𝐹 ∈ V       (𝐴 ∈ ℂ → ((𝐹 shift 0)‘𝐴) = (𝐹𝐴))

Theoremshftcan1 13671 Cancellation law for the shift operation. (Contributed by NM, 4-Aug-2005.) (Revised by Mario Carneiro, 5-Nov-2013.)
𝐹 ∈ V       ((𝐴 ∈ ℂ ∧ 𝐵 ∈ ℂ) → (((𝐹 shift 𝐴) shift -𝐴)‘𝐵) = (𝐹𝐵))

Theoremshftcan2 13672 Cancellation law for the shift operation. (Contributed by NM, 4-Aug-2005.) (Revised by Mario Carneiro, 5-Nov-2013.)
𝐹 ∈ V       ((𝐴 ∈ ℂ ∧ 𝐵 ∈ ℂ) → (((𝐹 shift -𝐴) shift 𝐴)‘𝐵) = (𝐹𝐵))

Theoremseqshft 13673 Shifting the index set of a sequence. (Contributed by NM, 17-Mar-2005.) (Revised by Mario Carneiro, 27-Feb-2014.)
𝐹 ∈ V       ((𝑀 ∈ ℤ ∧ 𝑁 ∈ ℤ) → seq𝑀( + , (𝐹 shift 𝑁)) = (seq(𝑀𝑁)( + , 𝐹) shift 𝑁))

5.9.2  Signum (sgn or sign) function

Syntaxcsgn 13674 Extend class notation to include the Signum function.
class sgn

Definitiondf-sgn 13675 Signum function. Pronounced "signum" , otherwise it might be confused with "sine". Defined as "sgn" in ISO 80000-2:2009(E) operation 2-9.13. It is named "sign" (with the same definition) in the "NIST Digital Library of Mathematical Functions" , front introduction, "Common Notations and Definitions" section at http://dlmf.nist.gov/front/introduction#Sx4. We define this over * (df-xr 9957) instead of so that it can accept +∞ and -∞. Note that df-psgn 17734 defines the sign of a permutation, which is different. Value shown in sgnval 13676. (Contributed by David A. Wheeler, 15-May-2015.)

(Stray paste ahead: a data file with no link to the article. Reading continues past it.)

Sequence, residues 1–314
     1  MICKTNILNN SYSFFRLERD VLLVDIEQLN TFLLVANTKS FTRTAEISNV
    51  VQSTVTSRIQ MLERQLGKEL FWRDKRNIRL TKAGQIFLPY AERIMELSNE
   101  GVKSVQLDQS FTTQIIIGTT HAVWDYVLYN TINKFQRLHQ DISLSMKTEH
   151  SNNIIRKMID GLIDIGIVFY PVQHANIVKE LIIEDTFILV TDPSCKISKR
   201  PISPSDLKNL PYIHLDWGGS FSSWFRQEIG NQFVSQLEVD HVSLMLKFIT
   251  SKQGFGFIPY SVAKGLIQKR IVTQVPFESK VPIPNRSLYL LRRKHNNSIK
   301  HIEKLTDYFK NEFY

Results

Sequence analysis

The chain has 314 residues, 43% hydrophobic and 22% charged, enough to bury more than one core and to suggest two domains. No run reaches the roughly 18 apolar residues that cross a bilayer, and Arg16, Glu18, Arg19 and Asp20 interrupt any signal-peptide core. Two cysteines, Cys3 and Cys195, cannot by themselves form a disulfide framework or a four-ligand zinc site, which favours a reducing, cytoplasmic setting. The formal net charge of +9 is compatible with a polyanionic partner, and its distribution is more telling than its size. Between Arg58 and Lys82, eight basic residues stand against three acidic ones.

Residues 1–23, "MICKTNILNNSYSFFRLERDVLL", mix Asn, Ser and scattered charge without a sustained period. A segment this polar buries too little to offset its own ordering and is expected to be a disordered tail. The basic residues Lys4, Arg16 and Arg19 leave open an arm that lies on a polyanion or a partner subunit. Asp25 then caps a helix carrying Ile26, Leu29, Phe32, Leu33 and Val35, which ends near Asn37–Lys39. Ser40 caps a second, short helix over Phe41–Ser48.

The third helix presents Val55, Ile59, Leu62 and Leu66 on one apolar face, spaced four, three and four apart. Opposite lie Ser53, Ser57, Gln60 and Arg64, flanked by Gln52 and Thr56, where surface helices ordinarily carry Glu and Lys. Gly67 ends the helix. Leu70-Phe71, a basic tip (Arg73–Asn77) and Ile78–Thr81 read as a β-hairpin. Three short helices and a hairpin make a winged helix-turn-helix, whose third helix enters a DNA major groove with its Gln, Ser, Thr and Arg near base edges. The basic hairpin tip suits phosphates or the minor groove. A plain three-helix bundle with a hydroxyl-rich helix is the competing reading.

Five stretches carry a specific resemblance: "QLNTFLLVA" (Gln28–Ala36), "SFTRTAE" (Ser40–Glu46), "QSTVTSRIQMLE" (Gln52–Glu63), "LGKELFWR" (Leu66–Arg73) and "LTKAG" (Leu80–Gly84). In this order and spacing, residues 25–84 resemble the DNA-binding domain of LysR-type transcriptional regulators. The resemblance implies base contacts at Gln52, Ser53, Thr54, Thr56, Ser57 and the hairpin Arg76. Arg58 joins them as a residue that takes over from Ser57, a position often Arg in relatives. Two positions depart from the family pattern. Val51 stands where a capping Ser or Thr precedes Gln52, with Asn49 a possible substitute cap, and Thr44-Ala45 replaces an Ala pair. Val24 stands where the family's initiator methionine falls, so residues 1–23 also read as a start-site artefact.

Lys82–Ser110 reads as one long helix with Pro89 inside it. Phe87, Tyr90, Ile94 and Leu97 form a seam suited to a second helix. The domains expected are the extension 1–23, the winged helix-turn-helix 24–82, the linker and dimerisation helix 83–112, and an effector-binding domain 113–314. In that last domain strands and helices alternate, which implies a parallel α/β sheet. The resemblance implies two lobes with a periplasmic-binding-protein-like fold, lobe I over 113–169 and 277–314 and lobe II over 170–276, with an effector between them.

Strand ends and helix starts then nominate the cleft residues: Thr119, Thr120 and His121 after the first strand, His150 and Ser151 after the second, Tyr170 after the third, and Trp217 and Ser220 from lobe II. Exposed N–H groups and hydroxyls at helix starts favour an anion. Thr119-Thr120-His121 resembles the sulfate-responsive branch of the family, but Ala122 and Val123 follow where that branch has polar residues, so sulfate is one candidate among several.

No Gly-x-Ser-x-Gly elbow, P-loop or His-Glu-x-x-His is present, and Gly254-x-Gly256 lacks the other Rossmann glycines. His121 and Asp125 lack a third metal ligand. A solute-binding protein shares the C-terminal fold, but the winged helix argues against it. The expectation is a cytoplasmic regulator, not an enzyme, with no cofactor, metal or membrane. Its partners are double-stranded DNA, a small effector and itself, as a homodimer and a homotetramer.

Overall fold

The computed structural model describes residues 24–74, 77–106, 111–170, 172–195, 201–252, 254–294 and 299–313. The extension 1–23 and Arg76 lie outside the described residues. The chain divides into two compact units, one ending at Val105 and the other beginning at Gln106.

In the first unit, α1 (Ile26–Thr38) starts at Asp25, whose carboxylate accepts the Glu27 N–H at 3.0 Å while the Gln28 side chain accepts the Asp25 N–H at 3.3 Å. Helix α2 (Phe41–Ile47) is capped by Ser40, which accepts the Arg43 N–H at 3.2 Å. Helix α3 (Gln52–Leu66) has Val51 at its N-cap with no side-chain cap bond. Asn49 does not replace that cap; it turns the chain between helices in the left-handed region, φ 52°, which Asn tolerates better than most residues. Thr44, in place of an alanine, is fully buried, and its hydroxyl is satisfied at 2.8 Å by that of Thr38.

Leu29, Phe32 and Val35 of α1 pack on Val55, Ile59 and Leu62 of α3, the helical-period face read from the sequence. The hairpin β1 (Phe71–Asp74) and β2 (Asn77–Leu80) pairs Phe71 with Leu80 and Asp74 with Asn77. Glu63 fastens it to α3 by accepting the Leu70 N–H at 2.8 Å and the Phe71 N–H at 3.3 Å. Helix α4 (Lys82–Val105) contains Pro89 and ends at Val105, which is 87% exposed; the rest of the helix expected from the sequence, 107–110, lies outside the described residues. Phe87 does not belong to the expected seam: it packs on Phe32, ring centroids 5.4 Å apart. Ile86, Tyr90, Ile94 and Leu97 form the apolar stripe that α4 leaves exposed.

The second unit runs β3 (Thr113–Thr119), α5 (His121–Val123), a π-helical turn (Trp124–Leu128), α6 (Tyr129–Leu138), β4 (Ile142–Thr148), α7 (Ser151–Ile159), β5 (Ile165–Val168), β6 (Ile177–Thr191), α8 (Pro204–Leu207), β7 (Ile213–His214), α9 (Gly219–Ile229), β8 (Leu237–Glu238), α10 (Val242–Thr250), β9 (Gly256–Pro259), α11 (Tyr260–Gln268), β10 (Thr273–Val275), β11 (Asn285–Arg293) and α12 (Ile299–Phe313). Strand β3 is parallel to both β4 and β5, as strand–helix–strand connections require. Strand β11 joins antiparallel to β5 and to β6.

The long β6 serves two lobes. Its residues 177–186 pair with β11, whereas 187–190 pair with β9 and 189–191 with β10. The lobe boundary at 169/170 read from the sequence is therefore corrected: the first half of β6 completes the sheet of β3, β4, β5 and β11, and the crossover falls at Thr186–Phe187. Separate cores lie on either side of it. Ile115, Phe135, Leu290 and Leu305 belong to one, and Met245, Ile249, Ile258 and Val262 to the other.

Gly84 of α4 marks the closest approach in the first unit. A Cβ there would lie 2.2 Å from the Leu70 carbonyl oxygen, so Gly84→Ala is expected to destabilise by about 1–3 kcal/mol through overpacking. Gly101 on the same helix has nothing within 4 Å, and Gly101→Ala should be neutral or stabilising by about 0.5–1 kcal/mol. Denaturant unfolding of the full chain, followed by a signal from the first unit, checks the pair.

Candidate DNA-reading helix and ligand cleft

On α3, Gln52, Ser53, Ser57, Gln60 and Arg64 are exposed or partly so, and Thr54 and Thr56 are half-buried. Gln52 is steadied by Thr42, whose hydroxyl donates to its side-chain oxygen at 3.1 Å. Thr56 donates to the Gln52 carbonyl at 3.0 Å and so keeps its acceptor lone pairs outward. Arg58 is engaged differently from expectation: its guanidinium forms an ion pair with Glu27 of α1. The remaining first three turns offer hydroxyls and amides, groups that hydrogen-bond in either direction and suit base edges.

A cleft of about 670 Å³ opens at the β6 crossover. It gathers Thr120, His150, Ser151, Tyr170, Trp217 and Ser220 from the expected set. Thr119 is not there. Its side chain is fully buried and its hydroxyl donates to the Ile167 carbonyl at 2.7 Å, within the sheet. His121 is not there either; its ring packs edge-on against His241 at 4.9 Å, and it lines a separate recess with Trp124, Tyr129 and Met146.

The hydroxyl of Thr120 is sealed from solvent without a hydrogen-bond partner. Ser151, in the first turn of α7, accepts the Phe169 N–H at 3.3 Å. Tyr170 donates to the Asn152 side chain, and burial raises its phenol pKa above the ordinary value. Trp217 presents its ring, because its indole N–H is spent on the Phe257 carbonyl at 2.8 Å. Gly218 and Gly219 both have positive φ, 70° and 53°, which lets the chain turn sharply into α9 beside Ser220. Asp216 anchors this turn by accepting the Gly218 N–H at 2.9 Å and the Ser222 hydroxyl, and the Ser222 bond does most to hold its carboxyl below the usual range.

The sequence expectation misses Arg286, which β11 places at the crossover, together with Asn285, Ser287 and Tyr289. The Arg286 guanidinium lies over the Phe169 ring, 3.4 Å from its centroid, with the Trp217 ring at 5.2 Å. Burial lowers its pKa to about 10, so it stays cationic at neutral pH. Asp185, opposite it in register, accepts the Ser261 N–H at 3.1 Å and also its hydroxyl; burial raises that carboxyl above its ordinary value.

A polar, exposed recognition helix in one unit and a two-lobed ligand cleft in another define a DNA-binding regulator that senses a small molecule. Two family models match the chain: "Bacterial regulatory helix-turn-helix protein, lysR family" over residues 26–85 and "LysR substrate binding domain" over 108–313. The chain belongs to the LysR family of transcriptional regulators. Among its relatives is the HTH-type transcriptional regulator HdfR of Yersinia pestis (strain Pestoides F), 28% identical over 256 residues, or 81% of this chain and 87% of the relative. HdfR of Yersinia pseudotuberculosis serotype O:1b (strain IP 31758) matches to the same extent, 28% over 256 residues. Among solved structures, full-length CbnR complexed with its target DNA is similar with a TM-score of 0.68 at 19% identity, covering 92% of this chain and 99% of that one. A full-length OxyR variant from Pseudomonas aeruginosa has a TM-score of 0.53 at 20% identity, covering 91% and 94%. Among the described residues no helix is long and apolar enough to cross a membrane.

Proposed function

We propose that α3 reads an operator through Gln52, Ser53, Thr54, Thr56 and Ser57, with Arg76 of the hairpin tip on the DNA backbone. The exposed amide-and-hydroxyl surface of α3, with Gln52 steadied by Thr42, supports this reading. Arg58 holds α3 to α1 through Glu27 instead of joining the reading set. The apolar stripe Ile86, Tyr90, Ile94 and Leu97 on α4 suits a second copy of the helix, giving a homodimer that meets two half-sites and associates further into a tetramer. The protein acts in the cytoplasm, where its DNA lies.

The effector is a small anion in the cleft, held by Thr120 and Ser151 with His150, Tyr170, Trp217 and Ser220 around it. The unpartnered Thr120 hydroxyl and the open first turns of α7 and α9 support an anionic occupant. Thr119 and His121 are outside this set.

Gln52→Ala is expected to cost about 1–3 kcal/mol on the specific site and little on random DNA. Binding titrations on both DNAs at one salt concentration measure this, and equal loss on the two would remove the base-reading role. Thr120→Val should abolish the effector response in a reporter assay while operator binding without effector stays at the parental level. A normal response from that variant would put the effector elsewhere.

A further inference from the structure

sgn = (𝑥 ∈ ℝ* ↦ if(𝑥 = 0, 0, if(𝑥 < 0, -1, 1)))

Theoremsgnval 13676 Value of Signum function. Pronounced "signum" . See df-sgn 13675. (Contributed by David A. Wheeler, 15-May-2015.)
(𝐴 ∈ ℝ* → (sgn‘𝐴) = if(𝐴 = 0, 0, if(𝐴 < 0, -1, 1)))

Theoremsgn0 13677 Proof that signum of 0 is 0. (Contributed by David A. Wheeler, 15-May-2015.)
(sgn‘0) = 0

Theoremsgnp 13678 Proof that signum of positive extended real is 1. (Contributed by David A. Wheeler, 15-May-2015.)